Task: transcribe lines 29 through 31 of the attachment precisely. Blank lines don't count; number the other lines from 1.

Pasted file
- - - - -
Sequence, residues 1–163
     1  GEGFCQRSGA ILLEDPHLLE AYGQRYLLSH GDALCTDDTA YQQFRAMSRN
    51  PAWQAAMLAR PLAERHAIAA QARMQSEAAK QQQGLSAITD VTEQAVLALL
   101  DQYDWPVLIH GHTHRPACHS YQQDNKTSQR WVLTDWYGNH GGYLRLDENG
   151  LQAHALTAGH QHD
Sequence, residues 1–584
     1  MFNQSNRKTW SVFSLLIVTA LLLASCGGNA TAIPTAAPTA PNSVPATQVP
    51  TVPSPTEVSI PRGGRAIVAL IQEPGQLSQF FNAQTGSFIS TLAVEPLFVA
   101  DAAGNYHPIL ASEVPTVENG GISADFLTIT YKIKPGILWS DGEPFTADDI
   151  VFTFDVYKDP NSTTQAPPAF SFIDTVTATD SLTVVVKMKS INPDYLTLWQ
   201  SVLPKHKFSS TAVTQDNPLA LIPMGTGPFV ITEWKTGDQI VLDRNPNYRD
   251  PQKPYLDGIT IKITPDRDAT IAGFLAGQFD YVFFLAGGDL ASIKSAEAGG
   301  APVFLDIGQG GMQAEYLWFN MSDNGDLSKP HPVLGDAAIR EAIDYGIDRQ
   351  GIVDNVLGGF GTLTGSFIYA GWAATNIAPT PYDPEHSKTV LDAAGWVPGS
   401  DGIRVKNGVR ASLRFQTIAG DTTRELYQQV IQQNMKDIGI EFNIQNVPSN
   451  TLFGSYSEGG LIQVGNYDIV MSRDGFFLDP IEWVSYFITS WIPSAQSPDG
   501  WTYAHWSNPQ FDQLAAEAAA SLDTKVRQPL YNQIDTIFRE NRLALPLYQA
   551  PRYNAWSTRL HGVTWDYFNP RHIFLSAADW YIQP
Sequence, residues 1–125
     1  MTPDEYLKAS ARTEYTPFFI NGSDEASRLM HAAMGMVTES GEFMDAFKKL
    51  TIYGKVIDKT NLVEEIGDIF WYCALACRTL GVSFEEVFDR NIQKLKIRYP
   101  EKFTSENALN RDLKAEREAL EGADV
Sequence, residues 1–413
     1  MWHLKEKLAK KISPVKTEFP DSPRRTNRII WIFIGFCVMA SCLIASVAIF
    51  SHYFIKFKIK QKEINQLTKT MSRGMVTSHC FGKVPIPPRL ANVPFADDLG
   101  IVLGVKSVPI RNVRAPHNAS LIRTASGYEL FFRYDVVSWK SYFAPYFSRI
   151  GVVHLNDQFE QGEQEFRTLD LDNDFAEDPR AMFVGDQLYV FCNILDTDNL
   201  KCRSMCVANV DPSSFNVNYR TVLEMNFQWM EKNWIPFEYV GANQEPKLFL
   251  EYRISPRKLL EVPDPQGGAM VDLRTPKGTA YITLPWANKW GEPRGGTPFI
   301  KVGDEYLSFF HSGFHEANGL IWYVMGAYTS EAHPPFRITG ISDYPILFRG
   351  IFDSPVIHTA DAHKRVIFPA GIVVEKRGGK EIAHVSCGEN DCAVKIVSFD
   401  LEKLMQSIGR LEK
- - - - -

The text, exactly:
   251  EYRISPRKLL EVPDPQGGAM VDLRTPKGTA YITLPWANKW GEPRGGTPFI
   301  KVGDEYLSFF HSGFHEANGL IWYVMGAYTS EAHPPFRITG ISDYPILFRG
   351  IFDSPVIHTA DAHKRVIFPA GIVVEKRGGK EIAHVSCGEN DCAVKIVSFD